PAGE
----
Participants were made to watch seven video clips of car crashes and then had to answer a series of questions. The most critical quest was, "What was the speed of the cars in the accident?" The speed estimates were found to be influenced by word usage.

  • Contacted- 31.8 mph
  • Hit- 34 mph
  • Bumped- 38.1 mph
  • Collided- 39.3
  • Smashed- 39.3 mph

These verbs activated different schemas which influenced the speed estimates, so the accident was reconstructed in the mind of the participant in ways that reflect schematic influences. Loftus and Palmer conducted another study where they had three differnet conditions. Two of the groups were asked the speed of the car using the verbs smashed or hit. A week later, they were asked if they saw any glass after the accident. 32% of the participants who were asked about the speed of the car using the verb smashed said they had seen glass, compared to the 14% of the participants in the hit group. Smashed seems to have triggered a stronger expectation of glass. 12% of the participants in the control group said they had seen broken glass as well. There was never any broken glass during any of the video clips.

This study proves that our memory isn't as reliable as we think. Our brain tends to make schemas when we learn new things, based on old things and the things we can't make connections to, our brain tends to forget. It's all about making conections.

Riniolo (2003)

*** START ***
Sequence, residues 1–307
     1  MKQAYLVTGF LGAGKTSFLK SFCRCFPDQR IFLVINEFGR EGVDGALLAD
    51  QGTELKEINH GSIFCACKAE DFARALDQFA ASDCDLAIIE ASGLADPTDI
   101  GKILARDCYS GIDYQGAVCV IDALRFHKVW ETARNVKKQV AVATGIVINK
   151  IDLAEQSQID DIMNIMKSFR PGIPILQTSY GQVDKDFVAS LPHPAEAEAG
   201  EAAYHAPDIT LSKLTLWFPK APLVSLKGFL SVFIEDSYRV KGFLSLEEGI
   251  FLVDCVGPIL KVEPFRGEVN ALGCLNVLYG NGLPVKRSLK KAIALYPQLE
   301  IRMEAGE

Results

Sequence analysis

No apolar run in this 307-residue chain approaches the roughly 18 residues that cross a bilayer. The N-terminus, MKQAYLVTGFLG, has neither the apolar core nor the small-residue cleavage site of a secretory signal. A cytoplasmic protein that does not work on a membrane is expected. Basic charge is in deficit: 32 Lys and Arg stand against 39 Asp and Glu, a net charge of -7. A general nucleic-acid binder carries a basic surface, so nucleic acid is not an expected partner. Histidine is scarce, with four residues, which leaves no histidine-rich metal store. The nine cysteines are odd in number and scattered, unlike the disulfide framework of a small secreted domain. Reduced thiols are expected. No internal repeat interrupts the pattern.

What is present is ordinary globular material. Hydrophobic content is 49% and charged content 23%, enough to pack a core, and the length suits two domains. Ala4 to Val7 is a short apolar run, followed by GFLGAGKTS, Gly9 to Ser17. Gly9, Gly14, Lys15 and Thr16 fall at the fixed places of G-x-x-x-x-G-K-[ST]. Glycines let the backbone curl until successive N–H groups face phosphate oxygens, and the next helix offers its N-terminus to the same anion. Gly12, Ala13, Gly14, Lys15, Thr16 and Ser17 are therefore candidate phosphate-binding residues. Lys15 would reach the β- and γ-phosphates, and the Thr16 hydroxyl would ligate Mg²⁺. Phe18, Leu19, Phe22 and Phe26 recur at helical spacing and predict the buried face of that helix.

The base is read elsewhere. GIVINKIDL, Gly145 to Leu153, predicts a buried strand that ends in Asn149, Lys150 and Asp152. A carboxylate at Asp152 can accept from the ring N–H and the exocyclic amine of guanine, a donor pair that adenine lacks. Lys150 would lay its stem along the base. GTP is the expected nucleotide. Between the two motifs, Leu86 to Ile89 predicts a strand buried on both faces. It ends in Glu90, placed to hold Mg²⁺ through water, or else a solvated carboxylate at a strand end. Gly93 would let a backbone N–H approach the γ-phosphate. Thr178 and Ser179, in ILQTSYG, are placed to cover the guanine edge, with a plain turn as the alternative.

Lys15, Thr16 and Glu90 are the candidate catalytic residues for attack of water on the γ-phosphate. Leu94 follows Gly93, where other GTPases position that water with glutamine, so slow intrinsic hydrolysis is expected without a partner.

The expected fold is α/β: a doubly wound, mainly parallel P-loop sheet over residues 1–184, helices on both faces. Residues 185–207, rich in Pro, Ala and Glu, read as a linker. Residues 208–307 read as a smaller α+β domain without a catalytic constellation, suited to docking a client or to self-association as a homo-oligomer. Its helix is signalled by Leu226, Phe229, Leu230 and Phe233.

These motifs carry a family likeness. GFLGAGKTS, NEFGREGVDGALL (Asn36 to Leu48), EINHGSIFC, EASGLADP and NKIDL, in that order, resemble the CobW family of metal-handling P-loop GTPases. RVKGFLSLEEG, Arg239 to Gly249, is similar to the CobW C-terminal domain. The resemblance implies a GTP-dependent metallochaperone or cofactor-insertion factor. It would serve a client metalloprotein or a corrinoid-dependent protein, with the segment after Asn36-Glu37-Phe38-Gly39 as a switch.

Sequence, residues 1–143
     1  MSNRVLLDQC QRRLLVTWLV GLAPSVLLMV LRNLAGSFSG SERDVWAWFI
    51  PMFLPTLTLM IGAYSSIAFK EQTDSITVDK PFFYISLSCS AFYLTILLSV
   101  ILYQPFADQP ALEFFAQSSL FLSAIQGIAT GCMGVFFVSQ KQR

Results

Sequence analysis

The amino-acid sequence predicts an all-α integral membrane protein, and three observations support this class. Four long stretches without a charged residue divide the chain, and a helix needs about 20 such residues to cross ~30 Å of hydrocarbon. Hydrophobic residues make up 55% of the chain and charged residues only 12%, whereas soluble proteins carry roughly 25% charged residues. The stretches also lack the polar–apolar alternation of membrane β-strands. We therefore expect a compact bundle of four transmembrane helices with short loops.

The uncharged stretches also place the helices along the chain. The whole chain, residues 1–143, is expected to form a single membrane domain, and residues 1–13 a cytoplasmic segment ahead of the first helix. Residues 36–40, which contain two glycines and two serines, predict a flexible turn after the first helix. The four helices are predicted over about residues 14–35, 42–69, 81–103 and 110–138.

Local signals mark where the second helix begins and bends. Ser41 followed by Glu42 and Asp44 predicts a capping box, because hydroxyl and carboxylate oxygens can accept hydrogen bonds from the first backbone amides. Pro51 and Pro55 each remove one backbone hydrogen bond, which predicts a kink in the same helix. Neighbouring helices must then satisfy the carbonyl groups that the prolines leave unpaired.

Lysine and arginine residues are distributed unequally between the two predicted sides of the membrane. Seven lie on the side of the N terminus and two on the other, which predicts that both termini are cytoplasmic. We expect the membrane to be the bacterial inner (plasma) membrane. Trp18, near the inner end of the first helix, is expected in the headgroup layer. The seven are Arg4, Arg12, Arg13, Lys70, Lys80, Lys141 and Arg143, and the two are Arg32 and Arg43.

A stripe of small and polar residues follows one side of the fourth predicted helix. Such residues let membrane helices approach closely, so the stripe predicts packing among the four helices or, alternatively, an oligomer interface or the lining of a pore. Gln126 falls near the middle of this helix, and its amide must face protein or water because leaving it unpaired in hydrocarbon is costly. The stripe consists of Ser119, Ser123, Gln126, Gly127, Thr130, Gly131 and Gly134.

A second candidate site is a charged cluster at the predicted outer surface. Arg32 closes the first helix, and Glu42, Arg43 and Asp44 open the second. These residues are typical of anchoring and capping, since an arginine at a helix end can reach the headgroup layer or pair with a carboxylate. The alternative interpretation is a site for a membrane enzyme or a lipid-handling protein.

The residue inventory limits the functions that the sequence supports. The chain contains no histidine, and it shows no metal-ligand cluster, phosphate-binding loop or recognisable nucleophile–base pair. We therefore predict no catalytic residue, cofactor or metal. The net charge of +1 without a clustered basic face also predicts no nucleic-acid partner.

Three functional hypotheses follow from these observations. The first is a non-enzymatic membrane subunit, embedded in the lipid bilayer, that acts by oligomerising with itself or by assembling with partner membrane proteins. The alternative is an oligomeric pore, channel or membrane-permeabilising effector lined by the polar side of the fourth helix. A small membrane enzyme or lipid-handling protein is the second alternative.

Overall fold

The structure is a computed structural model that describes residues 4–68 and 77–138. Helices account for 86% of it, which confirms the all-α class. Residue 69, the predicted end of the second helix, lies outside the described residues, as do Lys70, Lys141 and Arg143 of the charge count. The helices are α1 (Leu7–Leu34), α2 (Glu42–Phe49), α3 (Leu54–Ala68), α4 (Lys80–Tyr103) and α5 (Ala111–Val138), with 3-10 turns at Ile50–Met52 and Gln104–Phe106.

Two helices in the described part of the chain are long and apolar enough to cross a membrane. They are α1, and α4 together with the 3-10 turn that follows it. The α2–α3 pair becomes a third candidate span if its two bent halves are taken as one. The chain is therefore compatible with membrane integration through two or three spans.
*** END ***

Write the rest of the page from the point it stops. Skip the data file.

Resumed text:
The aim of this study was to investigate the reliability of memory for eyewitnesses to remember the sinking of the Titanic. It was believed that the ship went down in one piece. The researchers used factual data and found transcripts from twenty different people that explained what they thought the ships state was during the plunge. 75% stated the Titanic was breaking apart during the sinking of it and 25% said it was intact. The majority of the tewnty selected eyewitness testimonies in this study said that the ship broke in two before the plunge. After these hearings it was concluded that the ship was indeed intact when it sank. The myth that it was broken into two when it sank has been repeated in literature, therefore allowing anyone who reads it to possibly believe it, even if they were eyewittnesses and saw that it never really happened (Cowburn, n.d.). This supports the schema theory, specifically to the point that schemas are relatively stable and very resistant to change which ensures consistency in the ways we process information and the ways we act.